Cheerfully moronic, imbued with an almost infantile racism to which Stallone and the film's enthusiasts have long purported to be oblivious, Rocky lionizes a small-time South Philly hood who somehow manages to wangle a bout with the reigning heavyweight champion of the world, and thereupon gives him the fight of his life. The champion, Apollo Creed, is a motor-mouthed African-American punk who shows no respect for America, much less the flag; he is transparently a stand-in for Muhammad Ali, who, though sainted and adored now, was in those days reviled by a substantial percentage of white Americans, particularly old school Caucasian fight fans. (Joe Queenan, America’s great white hope?, The Guardian, https://tinyurl.com/y7wxb6g3).

Just about everything is wrong about the statement above. Apollo Creed was not portrayed as a “punk.” He was the champion. He was a boxer—who was so much better than his peers that he found difficulty finding contenders. When he could not find a contender, it was his idea to create one: giving “a local Philadelphia boy a shot at the greatest title in the world.” What this shows is that Creed was not just raw strength—he was a thinker. And that’s the truth too many of our movies never put forward about professional sports—athletes and their coaches are thinkers.

The remaining claims are similarly false. There was nothing about Creed that showed a lack of respect for America or its flag. As to Rocky, he did not “wangle” his way to getting the bout with Creed. It was handed to Rocky—a result which was wholly unexpected (from Rocky’s point of view) and wholly undeserved (ditto). Most of Rocky was about his transforming himself to make himself worthy of the shot fate (and Creed) had gifted him.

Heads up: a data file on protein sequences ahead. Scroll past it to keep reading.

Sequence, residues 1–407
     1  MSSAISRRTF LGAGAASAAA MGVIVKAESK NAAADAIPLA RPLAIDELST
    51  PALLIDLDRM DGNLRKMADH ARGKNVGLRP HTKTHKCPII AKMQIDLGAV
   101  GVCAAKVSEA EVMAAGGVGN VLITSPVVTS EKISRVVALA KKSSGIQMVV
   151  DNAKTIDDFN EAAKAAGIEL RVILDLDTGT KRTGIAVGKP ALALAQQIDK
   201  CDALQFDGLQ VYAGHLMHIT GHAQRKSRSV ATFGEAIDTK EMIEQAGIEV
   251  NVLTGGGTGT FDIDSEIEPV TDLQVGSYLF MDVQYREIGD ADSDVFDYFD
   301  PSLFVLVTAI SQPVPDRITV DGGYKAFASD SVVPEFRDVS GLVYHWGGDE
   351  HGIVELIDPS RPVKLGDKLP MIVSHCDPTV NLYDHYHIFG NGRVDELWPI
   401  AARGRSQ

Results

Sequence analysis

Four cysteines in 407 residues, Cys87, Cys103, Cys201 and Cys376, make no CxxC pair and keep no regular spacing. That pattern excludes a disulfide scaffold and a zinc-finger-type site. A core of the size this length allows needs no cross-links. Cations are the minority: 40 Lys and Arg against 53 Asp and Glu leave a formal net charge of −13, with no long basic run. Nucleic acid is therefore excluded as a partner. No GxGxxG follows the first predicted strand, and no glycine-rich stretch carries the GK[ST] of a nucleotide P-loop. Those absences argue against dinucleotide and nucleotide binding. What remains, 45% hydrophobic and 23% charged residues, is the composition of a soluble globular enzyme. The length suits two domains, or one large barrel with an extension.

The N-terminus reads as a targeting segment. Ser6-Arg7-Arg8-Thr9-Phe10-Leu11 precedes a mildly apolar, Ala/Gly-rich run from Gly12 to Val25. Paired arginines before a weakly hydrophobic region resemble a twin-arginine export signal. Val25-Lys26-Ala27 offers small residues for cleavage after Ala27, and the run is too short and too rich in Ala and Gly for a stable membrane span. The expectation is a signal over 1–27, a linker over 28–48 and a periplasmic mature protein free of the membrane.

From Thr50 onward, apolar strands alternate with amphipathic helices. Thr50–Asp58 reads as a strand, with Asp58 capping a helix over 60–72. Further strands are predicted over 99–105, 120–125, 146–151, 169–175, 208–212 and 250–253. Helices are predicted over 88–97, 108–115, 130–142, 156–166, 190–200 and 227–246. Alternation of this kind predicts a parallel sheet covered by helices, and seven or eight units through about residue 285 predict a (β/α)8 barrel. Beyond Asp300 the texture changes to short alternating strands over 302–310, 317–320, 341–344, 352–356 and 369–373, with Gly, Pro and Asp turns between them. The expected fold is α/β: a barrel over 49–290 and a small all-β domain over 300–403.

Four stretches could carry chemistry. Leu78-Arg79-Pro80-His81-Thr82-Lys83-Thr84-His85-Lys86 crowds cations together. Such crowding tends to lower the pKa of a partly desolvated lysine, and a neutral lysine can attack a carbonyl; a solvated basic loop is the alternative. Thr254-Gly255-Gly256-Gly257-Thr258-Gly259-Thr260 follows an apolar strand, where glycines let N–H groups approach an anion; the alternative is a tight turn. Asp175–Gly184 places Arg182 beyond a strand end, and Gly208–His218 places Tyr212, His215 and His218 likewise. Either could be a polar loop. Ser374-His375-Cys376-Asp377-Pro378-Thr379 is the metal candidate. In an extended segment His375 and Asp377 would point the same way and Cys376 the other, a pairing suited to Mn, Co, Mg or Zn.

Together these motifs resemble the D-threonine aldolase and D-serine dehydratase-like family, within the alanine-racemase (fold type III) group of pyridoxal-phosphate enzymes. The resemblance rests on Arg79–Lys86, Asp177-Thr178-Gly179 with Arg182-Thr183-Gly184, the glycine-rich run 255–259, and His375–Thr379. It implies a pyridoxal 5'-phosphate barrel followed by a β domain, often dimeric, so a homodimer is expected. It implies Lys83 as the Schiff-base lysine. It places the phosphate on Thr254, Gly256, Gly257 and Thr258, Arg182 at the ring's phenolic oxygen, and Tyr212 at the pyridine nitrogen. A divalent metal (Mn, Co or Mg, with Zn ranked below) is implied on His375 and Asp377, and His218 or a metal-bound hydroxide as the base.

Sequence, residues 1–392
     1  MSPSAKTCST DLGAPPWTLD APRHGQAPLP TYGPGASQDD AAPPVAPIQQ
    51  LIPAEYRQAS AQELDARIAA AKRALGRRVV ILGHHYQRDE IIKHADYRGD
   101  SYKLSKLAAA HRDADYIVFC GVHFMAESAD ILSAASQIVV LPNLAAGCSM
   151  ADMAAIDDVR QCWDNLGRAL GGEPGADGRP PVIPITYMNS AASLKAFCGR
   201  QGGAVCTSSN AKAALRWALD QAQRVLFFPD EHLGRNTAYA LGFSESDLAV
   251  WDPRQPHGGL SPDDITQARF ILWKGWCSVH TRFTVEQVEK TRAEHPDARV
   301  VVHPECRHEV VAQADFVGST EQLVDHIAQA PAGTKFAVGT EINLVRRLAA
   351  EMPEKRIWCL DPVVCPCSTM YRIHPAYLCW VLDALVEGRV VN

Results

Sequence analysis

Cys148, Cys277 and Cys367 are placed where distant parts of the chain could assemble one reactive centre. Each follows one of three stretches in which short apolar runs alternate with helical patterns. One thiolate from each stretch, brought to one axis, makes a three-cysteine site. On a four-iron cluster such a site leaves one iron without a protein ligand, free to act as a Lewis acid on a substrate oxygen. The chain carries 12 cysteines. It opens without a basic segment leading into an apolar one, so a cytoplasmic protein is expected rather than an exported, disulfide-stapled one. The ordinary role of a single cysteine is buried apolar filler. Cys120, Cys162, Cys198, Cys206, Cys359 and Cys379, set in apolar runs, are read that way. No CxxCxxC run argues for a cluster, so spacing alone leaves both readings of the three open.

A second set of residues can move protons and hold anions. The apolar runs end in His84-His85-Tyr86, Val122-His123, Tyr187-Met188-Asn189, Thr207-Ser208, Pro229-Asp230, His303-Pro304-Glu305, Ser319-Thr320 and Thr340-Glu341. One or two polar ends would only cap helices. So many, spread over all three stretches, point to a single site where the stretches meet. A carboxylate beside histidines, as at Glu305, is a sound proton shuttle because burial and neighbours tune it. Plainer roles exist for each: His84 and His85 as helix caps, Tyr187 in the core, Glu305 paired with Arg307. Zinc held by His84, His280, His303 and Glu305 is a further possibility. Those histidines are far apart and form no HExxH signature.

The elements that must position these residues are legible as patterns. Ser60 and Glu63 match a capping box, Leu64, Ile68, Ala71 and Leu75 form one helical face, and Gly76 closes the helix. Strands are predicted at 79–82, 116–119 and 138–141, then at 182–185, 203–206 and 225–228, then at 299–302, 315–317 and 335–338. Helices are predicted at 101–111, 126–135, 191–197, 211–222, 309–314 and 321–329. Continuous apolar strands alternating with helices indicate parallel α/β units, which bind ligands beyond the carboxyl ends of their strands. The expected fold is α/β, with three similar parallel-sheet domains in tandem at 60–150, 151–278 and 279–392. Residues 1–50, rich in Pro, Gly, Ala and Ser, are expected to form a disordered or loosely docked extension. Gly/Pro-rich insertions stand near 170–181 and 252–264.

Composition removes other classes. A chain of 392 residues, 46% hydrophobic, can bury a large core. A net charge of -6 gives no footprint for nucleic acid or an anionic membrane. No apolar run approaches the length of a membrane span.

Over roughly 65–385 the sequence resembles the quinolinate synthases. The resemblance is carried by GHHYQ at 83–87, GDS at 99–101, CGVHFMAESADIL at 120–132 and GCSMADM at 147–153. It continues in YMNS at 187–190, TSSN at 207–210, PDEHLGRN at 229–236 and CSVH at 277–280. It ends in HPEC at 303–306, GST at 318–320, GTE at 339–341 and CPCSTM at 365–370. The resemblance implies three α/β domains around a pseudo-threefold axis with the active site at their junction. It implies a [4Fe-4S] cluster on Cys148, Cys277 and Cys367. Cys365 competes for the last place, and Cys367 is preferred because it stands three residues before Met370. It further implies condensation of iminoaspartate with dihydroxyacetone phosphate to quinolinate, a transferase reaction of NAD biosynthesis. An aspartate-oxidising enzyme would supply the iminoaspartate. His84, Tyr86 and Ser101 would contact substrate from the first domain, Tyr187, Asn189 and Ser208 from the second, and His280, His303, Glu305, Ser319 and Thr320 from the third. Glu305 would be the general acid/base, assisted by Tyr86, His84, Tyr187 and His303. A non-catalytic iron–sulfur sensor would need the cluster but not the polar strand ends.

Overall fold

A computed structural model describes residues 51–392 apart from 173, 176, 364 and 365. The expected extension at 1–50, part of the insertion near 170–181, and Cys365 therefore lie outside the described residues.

Then there is the racism charge. What is meant by an “almost infantile racism.” If it is “almost infantile,” does that mean that it is adult-like, or does it mean “almost racist,” as in not racist? Plain and simple: Queenan is a race huckster. The natural consequence of such race hucksterism is to make producers and others afraid to make movies with a diverse cast.

Still, I used to (sometimes) wonder—did I root for Rocky because he was the underdog, or because he looked more like me than Creed? I always thought it was the former, but now I am sure. Here is why.

Have you seen the Ip Man martial arts series starring Donnie Yen? Here is a link to Ip Man 2, where Ip Man fights Twister—the stand-in for British boxing. The fight is cast as a confrontation between East and West, martial arts and Western boxing, the champion and the underdog. I know that I was rooting for Ip Man, and I am not Chinese. I suspect that most people (including most Caucasian people) in British theatres (that is, in the country next door) were doing much the same—even though Twister is draped in a Union Jack.

It might be irrational to root for underdogs. Maybe underdogs don’t deserve our good will. But giving them our good will and support isn’t rooted in racism. It transcends race. I rooted for Ip Man. Rocky was never about race. Case closed.


Seth Barrett Tillman, Rocky & Racism, New Reform Club (Aug. 7, 2018, 7:06 AM), ( https://reformclub.blogspot.com/2018/08/rocky-racism.html )